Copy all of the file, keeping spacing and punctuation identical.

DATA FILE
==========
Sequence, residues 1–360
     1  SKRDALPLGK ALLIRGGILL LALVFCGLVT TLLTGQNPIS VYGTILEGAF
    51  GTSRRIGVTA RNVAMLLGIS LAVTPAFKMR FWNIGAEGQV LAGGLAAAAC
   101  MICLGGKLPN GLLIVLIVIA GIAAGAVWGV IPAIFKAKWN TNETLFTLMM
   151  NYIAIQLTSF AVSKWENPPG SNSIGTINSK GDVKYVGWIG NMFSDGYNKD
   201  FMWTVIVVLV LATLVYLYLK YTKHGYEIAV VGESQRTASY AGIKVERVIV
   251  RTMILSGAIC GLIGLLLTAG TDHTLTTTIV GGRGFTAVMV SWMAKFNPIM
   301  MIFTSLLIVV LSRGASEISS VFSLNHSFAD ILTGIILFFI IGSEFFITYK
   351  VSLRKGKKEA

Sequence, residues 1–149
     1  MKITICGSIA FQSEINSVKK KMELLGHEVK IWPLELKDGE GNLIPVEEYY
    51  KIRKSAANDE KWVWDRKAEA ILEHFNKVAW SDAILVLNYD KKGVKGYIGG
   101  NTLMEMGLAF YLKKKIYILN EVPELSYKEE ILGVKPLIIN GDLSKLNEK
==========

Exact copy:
Sequence, residues 1–360
     1  SKRDALPLGK ALLIRGGILL LALVFCGLVT TLLTGQNPIS VYGTILEGAF
    51  GTSRRIGVTA RNVAMLLGIS LAVTPAFKMR FWNIGAEGQV LAGGLAAAAC
   101  MICLGGKLPN GLLIVLIVIA GIAAGAVWGV IPAIFKAKWN TNETLFTLMM
   151  NYIAIQLTSF AVSKWENPPG SNSIGTINSK GDVKYVGWIG NMFSDGYNKD
   201  FMWTVIVVLV LATLVYLYLK YTKHGYEIAV VGESQRTASY AGIKVERVIV
   251  RTMILSGAIC GLIGLLLTAG TDHTLTTTIV GGRGFTAVMV SWMAKFNPIM
   301  MIFTSLLIVV LSRGASEISS VFSLNHSFAD ILTGIILFFI IGSEFFITYK
   351  VSLRKGKKEA

Sequence, residues 1–149
     1  MKITICGSIA FQSEINSVKK KMELLGHEVK IWPLELKDGE GNLIPVEEYY
    51  KIRKSAANDE KWVWDRKAEA ILEHFNKVAW SDAILVLNYD KKGVKGYIGG
   101  NTLMEMGLAF YLKKKIYILN EVPELSYKEE ILGVKPLIIN GDLSKLNEK